2. Colonel Kimber highlights how the MP has been working hard behind the scenes to deliver a plan which sees her elderly and vulnerable Rye constituents having to travel a quite absurd 19 miles to Etchingham rather than the 10 miles to Hastings. In rugby this would be described as a hospital pass.
    And, ironically, her plan to send her constituents from Rye to Etchingham by-passes the Conquest Hospital.

  3. Given that at considerable expense there is a newly commissioned community hub on the site of the Rye Memorial Hospital and Rye Medical Centre with adequate space and facilties for parking and community bus services why has this not been considered. it seems ludicrous to expect the elderly and infirm to travel the distance involved in visiting some remote location miles away.

  4. Also the Etchingham Plan ignores completely the recent very successful experience of many local GP surgeries who successfully coped with the greatly increased take-up of flu jabs by using their own village hall very effectively.

  5. Why are we always “forgotten” in this part of the country? I know several people from Kent, Wiltshire and other areas who have all been offered the vaccine but absolutely no-one in the village where I live despite many of them being well over 80.

    Now, at last, we hear that we all have to go to Etchingham, miles away. Not everyone has access to transport or can afford taxis so this will be a real problem for the sick and disabled.

    Why on earth don’t we use the Rye Hub? After all, we all helped pay for it and because of Covid it’s hardly been used.

  6. I agree with all the published comments, so far. The the distance and the journey is ludicrous. It is unlikely that my wife will be called at the same time as I, so this will mean 4 round trips to complete the treatment for both of us. I am over 80 and have not received any offer so far, nor has my wife ( also in the priority group) at 10.00 on 15.01.21. We may become yet become just another statistic of this shambles. Morris M

  7. I commented earlier this week on another article about this, but have seen so many different statements by different bodies that my conclusion has to be that efficient communication is necessary, but sadly lacking in this case. I’m certain that everyone is working hard on this massive task but it doesn’t seem to be coordinated properly. In Meopham , North Kent, the local GP practice is shortly starting on Phase 3 patients. This is a village surgery a little larger than Rye Medical Centre, with an older building. Unlike East Sussex, West Sussex seems to have lots of smaller centres up and running. Maybe there has been a breakdown here in negotiations between the authorities and GPs? There are plenty of able-bodied people in Rye and the villages who could volunteer to drive neighbours to Etchingham but I really don’t think that’s wise at the moment when we are being strongly exhorted to follow the rules. One of my older neighbours will refuse to travel that far at the moment and just sit at home waiting, for however long it takes to organise safe delivery of the wonderful lifesaving vaccine. What a disappointment after the excitement and relief of the initial announcements of the vaccines.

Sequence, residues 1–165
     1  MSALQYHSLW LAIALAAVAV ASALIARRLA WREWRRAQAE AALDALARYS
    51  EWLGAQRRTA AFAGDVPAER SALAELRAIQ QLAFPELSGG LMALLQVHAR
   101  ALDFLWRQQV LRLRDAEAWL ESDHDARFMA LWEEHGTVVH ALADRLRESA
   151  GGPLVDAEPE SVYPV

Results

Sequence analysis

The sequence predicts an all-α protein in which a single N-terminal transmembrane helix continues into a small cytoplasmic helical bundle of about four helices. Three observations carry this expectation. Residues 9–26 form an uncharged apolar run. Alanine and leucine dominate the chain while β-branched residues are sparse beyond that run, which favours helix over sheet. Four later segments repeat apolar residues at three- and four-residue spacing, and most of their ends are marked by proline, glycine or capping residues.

8. II also commented earlier this week on another article about this. Is it not possible for the local hospitals to start offering the vaccine to all over-80s instead of just those who are over 80 and are in-patients or out-patients of the hospital. This has been done successfully in hospitals in other parts of the country and the Conquest Hospital would be far more accessible for elderly people from Rye. Rural Rother is being left behind, we have heard today of people now being offered the vaccine who live in Hampshire and are in their late 70s.

  9. Firstly my thanks to all at Rye News who have been doing their best to clarify confusion around information being given about vulnerable eligible local people getting their vaccinations.
    I am curious to learn now exactly why the GP staff and facilities at the Rye Medical Centre and adjoining Hub were deemed not to be up to the standards of those of the Etchingham site?
    I am 82, have lived in Rye for 3 years and believe the Rye Medical Centre to be efficient, responsible and friendly.
    Can Rye News please find out what exactly happened here?

  10. I first had to remember where Etchingham is in relation to Rye and eastern Rother. Whilst nobody can envy the task of those who have to roll out the vaccination programme, this seems somewhat arbitrary. If not Rye, why not Hastings, which at least has more direct transport links?

  11. I would support many of the comments above and on the Charlie Harkness article. I do realise that Anthony Kimber will be working hard to try and achieve a more reasonable outcome, but, however, I do not have the same faith in our MP from her track record on other issues. I agree with those who wonder the new “Hub” on Rye Hill is not being used. It has adequate parking, it is accessible to Rye and all the surrounding villages and there will not be the definite health and distancing issues that there is in transporting people to Etchingham. There seems to be a reluctance to think local, rather than one large centre. It as if someone somewhere has just looked at a map and taken a compass to state that is the best place. The “Hub”, built at some expense seems the best place, for this eastern end of Rother. Also, are we to have the two stage vaccine or the one? If the two, then it will all have to be organised again. I note that in Tenterden, the over 80’s and frontline staff have been vaccinated and were done before Christmas. On the next boundary review, would it be better to move into Kent? I very much hope Anthony Kimber, and all the people who raise the issue on Rye News are listened to, and not ignored.


Please enter your comment!
Please enter your name here